Growing plants that require lots of water can cause hundreds of gallons of water to be wasted. Instead, grow plants that require minimal watering such as cacti, succulents, verbena, and agave. Not only do these plants require minimal amounts of water, they also do well in most climates and go without water for long periods of time.
Use Organic Soil
Organic soil is usually made up of composted fruits and vegetables and does not contain any chemical fertilizers. Because of this, plants grown in organic soil are safer for human, animal, and insect consumption.
Those are all of the eco-friendly gardening tips I have for you guys! Hopefully with these small tips and tricks you are able to grow a happy and healthy garden!
Given that we are about to get into the full swing of the holiday season, I thought it would be an appropriate time to go over some environmentally friendly gift ideas! Often, things such as wrapping paper and plastic end up in landfills and create excess waste. Instead of piling up lots of junk this gift-giving season, use these two helpful tips below to have an eco-friendly holiday!
Reusable Gift Wrap
In the U.S. alone, we create 4 million pounds of gift wrap waste each year. Because of this, there is over a 25% increase in landfill waste between Thanksgiving and New Years. Instead of contributing to this waste, reusing items such as newspaper, fabric, shopping bags, blankets, or recycled wrapping paper keep our landfills cleaner. In fact, there are many brands of reusable wrapping paper ranging from cloth sacks to custom sewn encasings. Companies such as Lilywrap, a business dedicated to environmentally friendly wrapping, have plenty of festive options for the holidays.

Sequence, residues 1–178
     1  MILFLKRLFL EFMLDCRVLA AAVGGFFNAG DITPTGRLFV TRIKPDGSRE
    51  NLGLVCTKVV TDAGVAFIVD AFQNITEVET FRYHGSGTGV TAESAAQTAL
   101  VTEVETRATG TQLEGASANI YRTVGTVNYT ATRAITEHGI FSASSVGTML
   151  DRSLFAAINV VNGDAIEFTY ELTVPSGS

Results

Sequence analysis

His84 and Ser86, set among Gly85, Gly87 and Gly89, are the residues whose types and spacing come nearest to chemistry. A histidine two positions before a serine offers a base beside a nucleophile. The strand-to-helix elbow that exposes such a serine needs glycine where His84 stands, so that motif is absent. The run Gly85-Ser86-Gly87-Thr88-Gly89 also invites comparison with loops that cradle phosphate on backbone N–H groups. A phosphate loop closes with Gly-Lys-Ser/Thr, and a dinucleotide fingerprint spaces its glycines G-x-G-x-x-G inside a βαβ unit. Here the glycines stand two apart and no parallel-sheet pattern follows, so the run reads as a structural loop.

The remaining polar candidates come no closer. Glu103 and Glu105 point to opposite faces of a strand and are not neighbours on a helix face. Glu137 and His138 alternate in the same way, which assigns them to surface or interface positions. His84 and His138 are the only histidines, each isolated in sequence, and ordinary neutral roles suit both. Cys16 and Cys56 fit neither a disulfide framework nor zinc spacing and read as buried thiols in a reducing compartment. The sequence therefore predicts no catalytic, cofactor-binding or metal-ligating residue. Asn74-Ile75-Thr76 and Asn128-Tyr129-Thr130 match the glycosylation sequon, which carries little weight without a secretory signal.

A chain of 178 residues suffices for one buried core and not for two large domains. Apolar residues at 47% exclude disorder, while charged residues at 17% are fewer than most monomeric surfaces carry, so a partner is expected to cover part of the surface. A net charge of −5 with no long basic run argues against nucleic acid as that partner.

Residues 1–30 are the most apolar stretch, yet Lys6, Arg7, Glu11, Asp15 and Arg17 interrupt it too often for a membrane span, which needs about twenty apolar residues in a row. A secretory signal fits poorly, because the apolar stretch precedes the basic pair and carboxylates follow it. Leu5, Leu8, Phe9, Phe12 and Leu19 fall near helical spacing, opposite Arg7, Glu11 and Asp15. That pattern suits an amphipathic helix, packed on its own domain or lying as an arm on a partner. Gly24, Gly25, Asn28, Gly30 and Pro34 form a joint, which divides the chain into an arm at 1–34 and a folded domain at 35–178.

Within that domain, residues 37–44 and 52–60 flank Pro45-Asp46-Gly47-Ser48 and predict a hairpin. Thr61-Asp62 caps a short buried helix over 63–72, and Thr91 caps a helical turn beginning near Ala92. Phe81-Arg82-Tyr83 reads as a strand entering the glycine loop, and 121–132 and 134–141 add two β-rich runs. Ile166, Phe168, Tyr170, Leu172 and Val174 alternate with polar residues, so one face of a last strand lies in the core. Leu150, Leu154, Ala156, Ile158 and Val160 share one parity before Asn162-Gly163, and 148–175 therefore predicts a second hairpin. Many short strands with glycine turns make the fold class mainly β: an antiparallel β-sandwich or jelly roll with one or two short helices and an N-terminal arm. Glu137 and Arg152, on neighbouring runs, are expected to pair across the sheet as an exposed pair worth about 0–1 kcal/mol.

Reduce The Amount Gifts
To avoid the amount of waste created, focus on high quality gifts rather than many gifts for each person. Giving a loved one a larger gift instead of several smaller ones is often more memorable and enjoyable for both you and the recipient. Not to mention this method can reduce wrapping waste by more than 50%!
Use leftover newspaper as a fun and unique gift wrap
Those are all the tips I have for now! I hope that you all try to implement eco-friendly ideas into your holiday season, our planet will thank you for it!
Thanksgiving is right around the corner! Although Thanksgiving is one of my favorite holidays, it also comes along with a lot of waste. Because of this, I’ve put together a list of helpful tips to ensure your Thanksgiving is more eco-friendly.
Cut Down On Travel
We all know transportation has a massive effect on our environment. The day before and the Sunday after Thanksgiving are two of the busiest travel days during the year. So, if you’re traveling this Thanksgiving, look into carpooling with other guests or taking the train (the greenest form of transportation) to cut down on travel emissions.